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Home | Themes | Arts, sciences and letters - Religious architecture | Protestant temples : from the 16th century to the Revocation | Charenton (Val de Marne)
Charenton (Val de Marne)
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This was one of the major works of Salomon de Brosse, the architect who designed the Palais du Luxembourg (Senate) for Marie de Médicis (1623).


A place of worship east of Paris

The Edict of Nantes (1598) forbade the building of temples in Paris, and within five leagues -about ten miles- around the city. So the Reformed met in Charenton, East of Paris.

Jacques II Androët du Cerceau, architect of the Castle of Fontainebleau, had built a first temple in Ablon - in the vicinity of Fontainebleau. As from 1607, Androuët du Cerceau used the Ablon materials once more to build the Charenton temple, a huge edifice that could hold 4,000 worshippers. In 1621 a fire ruined the first temple in Charenton. In 1623, Salomon de Brosse, Jacques Androuët du Cerceau's nephew, was in charge of its reconstruction.

Go to top The new temple

Following a basilica-type plan, the edifice was 33m long and 19.50m high, with a tiled pavilion roof and a small turret at one end. The light streamed in through 18 windows, 1.3m by 1m, topped with two rows of dormer windows.

Inside, tribunes supported by 20 pillars increased the seating capacity of the edifice. A large staircase in each corner allowed access to the tribunes. The temple in Charenton could seat 4,000 people. The pulpit was one third of the way in the nave. The ceiling featured the Tables of the Law, in gold on a blue background. The doors featured biblical texts.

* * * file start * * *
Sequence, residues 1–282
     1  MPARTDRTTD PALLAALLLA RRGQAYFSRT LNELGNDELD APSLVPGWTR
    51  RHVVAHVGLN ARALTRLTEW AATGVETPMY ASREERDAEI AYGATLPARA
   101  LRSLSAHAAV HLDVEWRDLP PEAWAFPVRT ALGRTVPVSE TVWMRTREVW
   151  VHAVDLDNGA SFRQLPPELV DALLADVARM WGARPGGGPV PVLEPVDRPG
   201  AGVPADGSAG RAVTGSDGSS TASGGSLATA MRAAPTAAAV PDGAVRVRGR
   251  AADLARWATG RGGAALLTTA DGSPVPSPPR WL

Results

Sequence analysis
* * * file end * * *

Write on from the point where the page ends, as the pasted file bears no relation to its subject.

Go to top Destruction of the temple

At theRevocation of the Edict of Nantes in 1685, the Charenton temple was destroyed, dismantled, levelled. Its site became a symbol for the Parisian community which made it famous as the ideal type of Reformed temple.

The wonderful Psalter of the Charenton temple was spared and placed in the Briçonnet diocese library in Meaux (about 100 km East of Paris).

Some Catholic dignitaries were enthralled by the destruction. On the 27th of January 1687 Abbot Talemand declared at the Académie Française : "Blessed ruins, the most beautiful trophy France has ever seen. Arches of triumph and statues honouring the king will not elevate it higher than this heretic temple brought down by his piety" (Heureuses ruines qui sont le plus beau trophée que la France ait jamais vu. Les arcs de triomphe et les statues élevées à la gloire du roi ne la porteront pas plus haut que ce temple de l'hérésie abattu par sa piété).

Bibliography
Books
DUBIEF, Henri et POUJOL, Jacques, La France protestante, Histoire et Lieux de mémoire, Max Chaleil éditeur, Montpellier, 1992, rééd. 2006, 450 pages
LAURENT, René, Promenade à travers les temples de France, Les Presses du Languedoc, Millau, 1996, 520 pages
REYMOND, Bernard, L'architecture religieuse des protestants, Labor et Fides, Genève, 1996
Revue
Études théologiques et Religieuses
Tome 75, 2000
GUICHARNAUD, Hélène, Approche de l'architecture des Temples protestants construits en France avant la Révocation, p. 482
Related articles
In this collection
The Edict of Nantes (1598)
Jacques II Androuët du Cerceau (c. 1550/1560 - 1614)
Salomon de Brosse (1571-1626)
Other collections
The Edict of Nantes (1598) Centuries
Jacques II Androuët du Cerceau (c. 1550/1560 - 1614) Centuries Works
Salomon de Brosse (1571-1626) Works Centuries
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